Brexit: European Union leaders have agreed to delay Brexit to Halloween
EUROPEAN Union leaders have offered to delay Brexit until Halloween.
The UK was originally due to leave the EU on Friday, March 29, two years after triggering the article 50 process.
However after Prime Minister Theresa May was unable to pass her Brexit dealt through Parliament it was delayed until April 12.
Now the UK is set for a second extension to the Brexit process which will definitively stopped the clock on a no-deal withdrawal on Friday with less than 48 hours to go.
In an early-hours press conference, European Council president Donald Tusk did not rule out further extensions beyond October.
And he sent a message to the UK: ‘This extension is as flexible as I expected, and a little bit shorter than I expected, but it's still enough to find the best possible solution.
‘Please do not waste this time.’
Addressing the press shortly before 2am, Mrs May said that she still wanted the UK to leave the EU ‘as soon as possible’.
Acknowledging ‘huge frustration’ among voters that the UK has not yet left the EU, she said: ‘The choices we now face are stark and the timetable is clear.
‘So we must now press on at pace with our efforts to reach a consensus on a deal that is in the national interest.’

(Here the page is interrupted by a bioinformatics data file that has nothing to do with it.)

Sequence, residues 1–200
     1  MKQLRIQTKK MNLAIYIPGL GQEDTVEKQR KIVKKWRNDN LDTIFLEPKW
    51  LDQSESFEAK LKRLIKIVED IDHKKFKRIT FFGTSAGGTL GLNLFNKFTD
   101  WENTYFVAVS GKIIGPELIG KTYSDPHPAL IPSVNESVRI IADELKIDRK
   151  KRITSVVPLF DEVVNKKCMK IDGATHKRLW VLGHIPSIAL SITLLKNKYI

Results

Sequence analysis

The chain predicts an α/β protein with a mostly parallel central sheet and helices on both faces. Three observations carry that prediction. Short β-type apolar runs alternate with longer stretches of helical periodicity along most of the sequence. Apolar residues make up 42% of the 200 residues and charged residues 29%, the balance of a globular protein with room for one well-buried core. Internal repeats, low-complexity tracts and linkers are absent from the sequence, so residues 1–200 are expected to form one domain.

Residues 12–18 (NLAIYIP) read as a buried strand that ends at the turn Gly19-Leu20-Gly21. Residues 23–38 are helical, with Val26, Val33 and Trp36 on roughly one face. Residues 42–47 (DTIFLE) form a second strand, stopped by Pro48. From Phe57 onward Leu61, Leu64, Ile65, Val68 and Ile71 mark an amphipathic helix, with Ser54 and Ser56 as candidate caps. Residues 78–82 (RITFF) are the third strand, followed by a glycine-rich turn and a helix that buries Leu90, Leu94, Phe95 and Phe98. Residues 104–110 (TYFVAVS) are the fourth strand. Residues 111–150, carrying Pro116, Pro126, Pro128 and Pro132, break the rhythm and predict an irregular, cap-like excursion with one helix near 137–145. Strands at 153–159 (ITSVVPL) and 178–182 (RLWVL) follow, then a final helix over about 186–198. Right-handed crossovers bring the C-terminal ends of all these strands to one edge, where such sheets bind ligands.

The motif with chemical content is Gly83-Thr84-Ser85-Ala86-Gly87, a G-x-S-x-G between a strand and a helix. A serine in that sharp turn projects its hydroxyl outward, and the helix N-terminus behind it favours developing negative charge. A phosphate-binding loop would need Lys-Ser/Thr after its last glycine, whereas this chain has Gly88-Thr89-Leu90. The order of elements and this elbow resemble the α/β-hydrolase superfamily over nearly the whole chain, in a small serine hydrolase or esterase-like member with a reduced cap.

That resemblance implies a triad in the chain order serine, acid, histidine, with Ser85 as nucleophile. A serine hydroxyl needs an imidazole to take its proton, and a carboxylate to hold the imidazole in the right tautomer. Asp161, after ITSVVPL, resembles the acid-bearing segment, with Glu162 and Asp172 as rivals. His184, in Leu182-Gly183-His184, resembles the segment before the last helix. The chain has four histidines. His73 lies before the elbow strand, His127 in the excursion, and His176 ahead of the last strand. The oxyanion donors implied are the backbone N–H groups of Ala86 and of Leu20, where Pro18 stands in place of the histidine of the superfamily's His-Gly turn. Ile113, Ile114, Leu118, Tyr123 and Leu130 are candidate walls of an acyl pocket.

Talks between the Government and Labour to find a compromise way forward will continue at official level today.
‘I do not pretend the next few weeks will be easy or that there is a simple way to break the deadlock in Parliament,’ said Mrs May.
The six-month extension was a compromise solution thrashed out in five hours of talks in Mrs May's absence, after French President Emmanuel Macron held out against a longer extension lasting into 2020.
Under the terms of the agreement, the UK can leave at any time if the Withdrawal Agreement reached last November is ratified by Parliament.
A Halloween Brexit would mean the second phase - dealing with the future UK/EU trade and security relationship - would not get under way until late in the autumn.
Labour MP Mary Creagh, a supporter of the People's Vote campaign for a second referendum, said: ‘People across the UK will be relieved at this sensible extension.
‘Parliament must agree tomorrow and MPs must move swiftly to break the Brexit deadlock with a confirmatory ballot on the PM's deal.’
Sarah Wollaston, of The Independent Group, said an October 31 extension would provide just enough time to authorise and prepare for a referendum, though Parliament would have to move ‘quickly and decisively’ to do it.